“If these walls could talk,” said Frances.
Her eye was caught by a large at-screen television hanging from one of the beams at the end of the room. “What’s that screen for?” It seemed especially incongruous after Yao’s talk of the house’s early colonial history. “I thought this was a screen-free environment.”
“Tranquillum House is absolutely a screen-free environment,” agreed Yao. He glanced at the television screen with a slight frown. “But we recently installed a security and intercom system so we can all communicate with each other from different parts of the resort when necessary. It’s quite a large property and the safety of our guests is paramount.”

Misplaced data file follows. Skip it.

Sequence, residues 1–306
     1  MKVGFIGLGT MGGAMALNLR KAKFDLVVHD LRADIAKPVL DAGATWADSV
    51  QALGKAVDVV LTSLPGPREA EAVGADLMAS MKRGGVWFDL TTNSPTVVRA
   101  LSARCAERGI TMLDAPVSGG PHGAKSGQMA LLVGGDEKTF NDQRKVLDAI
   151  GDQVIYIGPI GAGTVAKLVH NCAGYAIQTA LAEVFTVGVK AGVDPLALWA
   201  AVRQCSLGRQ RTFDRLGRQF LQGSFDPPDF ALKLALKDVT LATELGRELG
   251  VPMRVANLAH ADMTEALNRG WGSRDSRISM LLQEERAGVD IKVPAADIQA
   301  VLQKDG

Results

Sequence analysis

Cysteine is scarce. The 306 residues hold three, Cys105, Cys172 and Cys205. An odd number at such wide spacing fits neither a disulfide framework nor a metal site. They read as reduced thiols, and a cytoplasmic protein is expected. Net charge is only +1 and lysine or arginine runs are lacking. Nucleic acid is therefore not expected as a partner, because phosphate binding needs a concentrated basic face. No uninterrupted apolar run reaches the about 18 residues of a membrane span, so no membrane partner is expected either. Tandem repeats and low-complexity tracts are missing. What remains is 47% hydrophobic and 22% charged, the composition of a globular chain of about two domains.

He changed the subject abruptly. “I’m sure you’ll be interested in this, Frances.” He ushered her over to a corner of the room and pointed to a brick almost concealed by the joinery of one of the arched beams. Frances put on her reading glasses and read out loud the small, beautifully inscribed words: Adam and Roy Webster, stonemasons, 1840.
“The stonemason brothers,” said Yao. “The assumption is that they did this secretly.”
“Good for them,” said Frances. “They were proud of their work. As they should have been.”
They silently contemplated the inscription for a few moments before Yao clapped his hands together. “Let’s head back up.”
He led her up the stairs into the house and to another glass door featuring just one beautiful word: SPA.
“Last but not least, the spa where you will come for your massages and any other wellness treatments scheduled for you.” Yao opened the door and Frances sniffed like Pavlov’s dog at the scent of essential oils.
“This was another drawing room that was remodeled,” said Yao carefully.